Use this URL to cite or link to this record in EThOS: https://ethos.bl.uk/OrderDetails.do?uin=uk.bl.ethos.821687
Title: Exploring SARM1 as a target to delay programmed axon degeneration
Author: Gould, Stacey
ISNI:       0000 0004 9360 0549
Awarding Body: University of Cambridge
Current Institution: University of Cambridge
Date of Award: 2021
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Abstract:
Programmed axon degeneration (Wallerian degeneration) can occur after physical injury, inhibition of axon transport, exposure to neurotoxic compounds, and in diseases involving mitochondrial or metabolic dysfunction. There is increasing evidence that this pathway can be activated in human painful neuropathies and preclinical evidence suggests it is also active in neurodegenerative conditions, such as Parkinson’s disease and Amyotrophic Lateral Sclerosis. Programmed axon degeneration is a potentially druggable pathway with preclinical studies showing that increasing levels of pro-survival factor NMNAT2, and removal of MYCBP2 involved in protein ubiquitination and turnover, or prodegenerative protein SARM1 can delay programmed axon degeneration. Preclinical studies indicate that complete genetic removal of Sarm1 leads to the strongest protection in vivo after physical transection injury and also prevents perinatal lethality in mice lacking NMNAT2. This makes SARM1 an attractive protein to explore in the context of delaying programmed axon degeneration for therapeutic effect. However, until this thesis, the extent to which SARM1 activity needs to be decreased has been unclear. This thesis explores the possibility of targeting the SARM1 protein for therapeutic effect. Firstly, since decreasing protein levels or activity is more achievable than completely eliminating them, the effect of Sarm1 hemizygosity in mice was assessed. Data presented here show that the rate of programmed axon degeneration can be slowed by the absence of one allele after in vivo transection injury, and axon outgrowth deficits in a developmental system where the pathway is active can be partially restored. Degeneration can also be slowed after a range of in vitro triggers of programmed axon degeneration showing clearly that decreasing (and not just removing) SARM1 can be beneficial. Secondly, targeting SARM1 through antisense oligonucleotides shows that SARM1 protein levels can be decreased in vitro to a similar extent as Sarm1 hemizygosity using exogenously-applied nucleotides. This decrease in protein levels confers a delay in programmed axon degeneration in a range of in vitro models suggesting that targeting SARM1 is a viable therapeutic approach. Finally, use of a non-transgenic dietary model of sporadic Alzheimer’s disease (sAD) was used to explore links between sAD and programmed axon degeneration but no differences in axon transport or signs of programmed axon degeneration were detected in this model. Nevertheless, this thesis demonstrates that targeting SARM1 pharmacologically is feasible and can delay degeneration after diverse triggers. Thus, further research into the relevant in vivo disease models could advance this strategy towards clinical application.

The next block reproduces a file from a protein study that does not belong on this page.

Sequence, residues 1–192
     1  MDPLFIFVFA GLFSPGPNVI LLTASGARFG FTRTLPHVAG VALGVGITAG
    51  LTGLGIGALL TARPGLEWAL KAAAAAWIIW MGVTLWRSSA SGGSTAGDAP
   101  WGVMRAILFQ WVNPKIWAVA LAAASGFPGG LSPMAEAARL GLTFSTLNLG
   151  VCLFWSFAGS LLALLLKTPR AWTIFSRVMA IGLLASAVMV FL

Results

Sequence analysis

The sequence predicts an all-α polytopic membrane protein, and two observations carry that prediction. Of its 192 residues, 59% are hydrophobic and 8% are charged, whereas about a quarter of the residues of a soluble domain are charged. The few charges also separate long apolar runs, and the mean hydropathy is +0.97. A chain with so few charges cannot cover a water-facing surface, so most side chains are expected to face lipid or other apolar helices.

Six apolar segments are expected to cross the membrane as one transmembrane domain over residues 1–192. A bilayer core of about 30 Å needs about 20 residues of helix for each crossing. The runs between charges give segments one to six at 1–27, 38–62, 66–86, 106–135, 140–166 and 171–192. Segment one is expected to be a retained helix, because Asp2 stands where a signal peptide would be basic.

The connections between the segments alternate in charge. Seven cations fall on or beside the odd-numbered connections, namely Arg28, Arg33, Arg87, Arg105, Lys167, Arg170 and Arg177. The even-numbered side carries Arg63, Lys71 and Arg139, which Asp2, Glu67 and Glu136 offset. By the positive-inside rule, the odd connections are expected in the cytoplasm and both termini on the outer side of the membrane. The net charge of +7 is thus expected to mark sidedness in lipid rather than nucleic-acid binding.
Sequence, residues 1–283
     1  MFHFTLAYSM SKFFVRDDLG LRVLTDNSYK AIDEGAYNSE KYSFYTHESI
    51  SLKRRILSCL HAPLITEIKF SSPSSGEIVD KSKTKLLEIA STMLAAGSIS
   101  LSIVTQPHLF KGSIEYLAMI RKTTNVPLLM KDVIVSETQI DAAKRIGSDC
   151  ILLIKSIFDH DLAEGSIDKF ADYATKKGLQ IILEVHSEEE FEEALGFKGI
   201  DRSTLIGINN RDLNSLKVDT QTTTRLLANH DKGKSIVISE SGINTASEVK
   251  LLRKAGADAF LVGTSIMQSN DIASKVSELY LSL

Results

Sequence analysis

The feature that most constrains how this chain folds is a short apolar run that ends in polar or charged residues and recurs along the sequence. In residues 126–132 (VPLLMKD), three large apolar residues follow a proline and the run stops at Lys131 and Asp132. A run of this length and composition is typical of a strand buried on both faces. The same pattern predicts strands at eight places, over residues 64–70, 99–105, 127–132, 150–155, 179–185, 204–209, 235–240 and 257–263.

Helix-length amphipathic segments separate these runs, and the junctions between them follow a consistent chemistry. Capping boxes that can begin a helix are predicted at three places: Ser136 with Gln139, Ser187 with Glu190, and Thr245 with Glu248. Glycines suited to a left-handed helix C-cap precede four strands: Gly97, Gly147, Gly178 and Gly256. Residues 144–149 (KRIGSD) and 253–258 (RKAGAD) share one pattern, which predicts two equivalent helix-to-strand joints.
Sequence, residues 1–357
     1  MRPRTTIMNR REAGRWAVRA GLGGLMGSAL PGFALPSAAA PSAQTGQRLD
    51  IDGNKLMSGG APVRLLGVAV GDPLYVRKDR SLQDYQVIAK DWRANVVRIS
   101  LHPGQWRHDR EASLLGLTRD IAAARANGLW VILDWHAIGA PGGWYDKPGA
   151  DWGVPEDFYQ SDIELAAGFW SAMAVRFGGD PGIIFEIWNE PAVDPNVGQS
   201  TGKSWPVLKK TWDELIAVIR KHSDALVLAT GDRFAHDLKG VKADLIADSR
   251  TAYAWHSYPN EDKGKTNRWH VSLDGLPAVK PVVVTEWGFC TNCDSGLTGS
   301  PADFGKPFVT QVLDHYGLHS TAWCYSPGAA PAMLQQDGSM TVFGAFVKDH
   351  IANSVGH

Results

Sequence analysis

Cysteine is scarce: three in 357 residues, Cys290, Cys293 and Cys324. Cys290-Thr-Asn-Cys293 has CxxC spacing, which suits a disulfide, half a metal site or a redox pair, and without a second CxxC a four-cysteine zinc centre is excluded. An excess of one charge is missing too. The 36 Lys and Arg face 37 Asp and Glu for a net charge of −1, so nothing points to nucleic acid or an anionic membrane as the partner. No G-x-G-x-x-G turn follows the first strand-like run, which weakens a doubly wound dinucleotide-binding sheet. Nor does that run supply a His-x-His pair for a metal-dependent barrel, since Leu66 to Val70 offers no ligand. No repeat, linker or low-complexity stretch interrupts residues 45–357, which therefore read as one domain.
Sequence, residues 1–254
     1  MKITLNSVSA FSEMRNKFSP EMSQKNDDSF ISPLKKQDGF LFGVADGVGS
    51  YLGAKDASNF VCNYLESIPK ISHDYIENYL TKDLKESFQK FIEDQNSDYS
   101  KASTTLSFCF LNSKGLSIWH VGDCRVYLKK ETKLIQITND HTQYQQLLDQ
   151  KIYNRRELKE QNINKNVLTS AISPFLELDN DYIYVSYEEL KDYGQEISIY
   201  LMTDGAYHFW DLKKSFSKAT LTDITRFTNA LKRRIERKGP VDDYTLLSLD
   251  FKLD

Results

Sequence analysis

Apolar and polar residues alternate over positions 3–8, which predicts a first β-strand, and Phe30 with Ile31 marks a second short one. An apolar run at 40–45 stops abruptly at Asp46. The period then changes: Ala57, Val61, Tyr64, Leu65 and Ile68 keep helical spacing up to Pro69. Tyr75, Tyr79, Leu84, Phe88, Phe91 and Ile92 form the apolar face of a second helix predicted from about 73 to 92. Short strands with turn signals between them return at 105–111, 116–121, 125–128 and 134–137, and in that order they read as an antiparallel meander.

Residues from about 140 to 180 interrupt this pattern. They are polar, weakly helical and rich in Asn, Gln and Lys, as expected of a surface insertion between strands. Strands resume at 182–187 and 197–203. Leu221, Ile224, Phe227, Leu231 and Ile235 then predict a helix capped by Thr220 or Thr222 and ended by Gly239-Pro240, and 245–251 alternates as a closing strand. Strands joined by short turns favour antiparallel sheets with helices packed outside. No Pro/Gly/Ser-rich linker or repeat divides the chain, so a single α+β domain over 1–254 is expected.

Supervisor: Coleman, Michael Sponsor: Biotechnology and Biological Sciences Research Council ; University of Cambridge
Qualification Name: Thesis (Ph.D.) Qualification Level: Doctoral
EThOS ID: uk.bl.ethos.821687  DOI:
Keywords: programmed axon degeneration ; programmed axon death ; Wallerian degeneration ; SARM1 ; NMNAT2 ; axon vulnerability ; risk factor ; Alzheimer's disease ; sporadic Alzheimer's disease ; neurodegeneration ; axotomy ; transection injury ; vincristine ; chemotherapy ; roteneone ; mitochondrial dysfunction ; cycloheximide ; protein translation inhibition ; neurite outgrowth ; antisense oligonucleotide therapy ; neuroprotection
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